Nailed on to throw sharp types is Kessaar (2019 fee: €6,000). Few more lines are more potent when it comes to good two-year-olds than that belonging to his sire Kodiac. What’s more, Kodiac is developing into a serious sire of sires and in Kessaar, here is a Group 2-winning son based at Kodiac’s home of Tally-Ho Stud. The O’Callaghan’s operation has housed the past two champion first-crop sires, Cotai Glory and Mehmas, and while a first crop of 77 compromises Kessaar’s prospects of making it three in a row, no one should be surprised if he ends the year near the top of the list in terms of prize-money. His first yearlings looked the part and the early breeze-up chat on them is positive.
Nor would it be surprising to see Shadwell’s Tasleet (2019 fee: £6,000) quick out of the blocks. A well-bred son of speed influence Showcasing, he was a high-class sprinter who landed stakes successes at two, three and four, and had yearlings sell for up to 80,000gns. Like Kessaar, a first crop of around 70 doesn’t make it straightforward but the attributes are there for him to throw a smart horse or two.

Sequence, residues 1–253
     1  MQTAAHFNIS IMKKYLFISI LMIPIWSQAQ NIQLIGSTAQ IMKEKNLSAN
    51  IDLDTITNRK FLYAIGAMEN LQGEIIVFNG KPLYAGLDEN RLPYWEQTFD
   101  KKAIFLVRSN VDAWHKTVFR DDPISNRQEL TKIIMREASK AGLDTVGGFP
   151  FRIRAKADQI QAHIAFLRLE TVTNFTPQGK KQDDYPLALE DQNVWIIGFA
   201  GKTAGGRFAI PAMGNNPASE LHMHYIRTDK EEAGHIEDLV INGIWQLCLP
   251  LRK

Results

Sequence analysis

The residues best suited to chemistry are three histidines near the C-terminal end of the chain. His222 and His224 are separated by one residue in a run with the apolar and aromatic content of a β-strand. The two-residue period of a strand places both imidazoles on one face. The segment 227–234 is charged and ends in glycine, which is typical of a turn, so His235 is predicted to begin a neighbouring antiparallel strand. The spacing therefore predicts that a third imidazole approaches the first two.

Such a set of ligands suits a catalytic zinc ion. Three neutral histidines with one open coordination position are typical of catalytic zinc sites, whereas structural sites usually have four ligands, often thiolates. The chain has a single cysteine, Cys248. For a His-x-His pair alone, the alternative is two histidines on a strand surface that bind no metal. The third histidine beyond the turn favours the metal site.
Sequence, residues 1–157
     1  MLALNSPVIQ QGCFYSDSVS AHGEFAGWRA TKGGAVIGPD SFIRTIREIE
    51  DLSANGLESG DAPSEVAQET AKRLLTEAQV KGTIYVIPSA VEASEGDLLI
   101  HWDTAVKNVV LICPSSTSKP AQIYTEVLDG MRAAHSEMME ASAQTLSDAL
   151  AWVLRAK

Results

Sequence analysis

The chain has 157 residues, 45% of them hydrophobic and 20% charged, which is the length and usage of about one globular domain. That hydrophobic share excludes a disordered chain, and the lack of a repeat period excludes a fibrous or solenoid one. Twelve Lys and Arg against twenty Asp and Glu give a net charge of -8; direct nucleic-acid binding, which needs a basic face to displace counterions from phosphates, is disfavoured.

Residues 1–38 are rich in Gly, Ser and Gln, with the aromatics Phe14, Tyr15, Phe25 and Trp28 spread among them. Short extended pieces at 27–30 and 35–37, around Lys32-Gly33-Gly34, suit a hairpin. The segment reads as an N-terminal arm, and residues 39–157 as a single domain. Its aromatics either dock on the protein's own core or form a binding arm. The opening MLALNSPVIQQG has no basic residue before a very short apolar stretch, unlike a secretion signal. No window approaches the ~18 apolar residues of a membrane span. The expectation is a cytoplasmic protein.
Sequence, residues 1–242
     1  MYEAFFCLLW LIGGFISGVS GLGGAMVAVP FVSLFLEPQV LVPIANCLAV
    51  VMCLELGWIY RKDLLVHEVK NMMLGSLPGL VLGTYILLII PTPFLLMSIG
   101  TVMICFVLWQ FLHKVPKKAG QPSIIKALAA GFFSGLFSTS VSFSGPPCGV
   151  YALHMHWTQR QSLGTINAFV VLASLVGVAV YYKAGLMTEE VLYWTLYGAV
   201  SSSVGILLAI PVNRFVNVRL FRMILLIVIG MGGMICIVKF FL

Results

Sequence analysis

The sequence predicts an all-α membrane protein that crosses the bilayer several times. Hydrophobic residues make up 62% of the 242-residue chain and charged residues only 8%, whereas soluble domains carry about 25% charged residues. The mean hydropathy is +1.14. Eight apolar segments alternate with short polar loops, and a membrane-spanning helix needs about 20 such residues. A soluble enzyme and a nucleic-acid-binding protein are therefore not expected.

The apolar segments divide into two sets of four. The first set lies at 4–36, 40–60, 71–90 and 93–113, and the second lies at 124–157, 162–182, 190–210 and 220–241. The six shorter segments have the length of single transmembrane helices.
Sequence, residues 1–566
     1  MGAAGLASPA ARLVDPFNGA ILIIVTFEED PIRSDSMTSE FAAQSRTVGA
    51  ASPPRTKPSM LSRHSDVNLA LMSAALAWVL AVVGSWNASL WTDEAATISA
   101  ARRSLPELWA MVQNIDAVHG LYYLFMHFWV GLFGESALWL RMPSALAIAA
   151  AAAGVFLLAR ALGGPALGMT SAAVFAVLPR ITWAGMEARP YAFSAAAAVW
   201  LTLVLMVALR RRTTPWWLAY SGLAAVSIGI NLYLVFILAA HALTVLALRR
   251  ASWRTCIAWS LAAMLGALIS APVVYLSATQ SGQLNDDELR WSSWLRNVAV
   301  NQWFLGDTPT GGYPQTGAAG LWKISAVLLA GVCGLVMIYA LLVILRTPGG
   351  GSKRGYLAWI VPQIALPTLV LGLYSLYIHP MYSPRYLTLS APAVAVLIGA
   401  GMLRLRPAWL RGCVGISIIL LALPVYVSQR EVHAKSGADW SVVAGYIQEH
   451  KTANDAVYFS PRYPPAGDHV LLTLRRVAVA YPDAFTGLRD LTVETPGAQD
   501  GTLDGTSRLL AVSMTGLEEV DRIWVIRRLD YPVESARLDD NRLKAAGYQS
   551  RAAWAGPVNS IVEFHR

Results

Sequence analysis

Indeed, this is a generation littered with fast horses whose supporters are likely to know their fate early.
Gustav Klimt (Coolmore: 2019 fee €7,500), for example, was a Group 2-winning two-year-old who was Group 1-placed over 6f to a mile at three. He operates at the lower end of the market but he’s bred for the job as a Galileo relation to Invincible Spirit and Kodiac; for that sector of the market questioning him for his size (he is a neat horse listed standing at 15.2), it is worth remembering that this isn’t a family renowned for throwing big horses (indeed his granddam Rafha was famously described as ‘knee high to a bumble bee’). He might just surprise a few people.